YourClassical Children

YourClassical Music Lessons: So Many Sound Sources!

Panflute playerPatrick Brinksma/Unsplash

March 25, 2020

LISTEN — Audio Instructions

Need ideas for easy and fun at-home music learning? Here's our daily YourClassical Music Lesson.

Target age range: Grades 3-6

1. First, listen to the audio of Angélica Negrón's composition El Colapso.

2. Take note of all the different sounds you hear. Can you identify them all? How many do you think are produced electronically, and how many are created by people? Guess how many people are making all of these sounds happen.

3. Next, watch a little bit of a video of the same piece, performed live. How close were your guesses?

4. In her notes on the piece, the composer says that besides the singing, most of the sounds come from "the charango and the zampoña (Andean pan flute) as well as an orchestra of found sounds crafted mostly through cookware and other domestic sounds." She processes many of these sounds through Ableton software.

Bolivian charango
Bolivian charango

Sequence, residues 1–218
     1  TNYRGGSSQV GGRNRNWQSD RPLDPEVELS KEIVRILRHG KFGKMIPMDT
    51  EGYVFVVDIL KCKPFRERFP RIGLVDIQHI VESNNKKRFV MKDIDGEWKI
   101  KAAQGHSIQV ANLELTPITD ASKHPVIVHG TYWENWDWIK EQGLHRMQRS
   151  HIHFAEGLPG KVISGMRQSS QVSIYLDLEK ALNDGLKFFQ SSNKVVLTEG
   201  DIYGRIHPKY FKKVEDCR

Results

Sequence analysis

Wikimedia Commons

5. Learn a little bit about the charango.

The charango is a stringed instrument originally from areas in and around the Andes mountains. It is extremely loud for its size because it has five strings that are each doubled, for a total of ten strings. Doubling the strings makes the sound twice as loud. The back of the charango is shaped like an armadillo or turtle shell, which also amplifies (makes louder) the sound.

zampoña
Zampona
Wikimedia Commons

6. Learn about the zampoña, a traditional Andean panpipe.

The player blows across the opening of the tubes to create a sound. Which tubes do you think make the highest sounds? How about the lowest?

Goat hooves
Goat hooves
Wikimedia Commons

7. Maybe you noticed goat hooves in the video. Goat hooves are exactly what their name says — goat hooves!

When they are bunched together and bound onto a stick or handle, you can shake them to make a percussive sound.

8. Listen and watch another piece that features the charango. This piece, sung by MPR Class Notes Artists Border CrosSing, is from the 17th century. Compare and contrast this piece with what you heard in El Colapso.

Have a question or suggestion? Contact Katie Condon, music education specialist.

More: View all of our daily YourClassical Music Lessons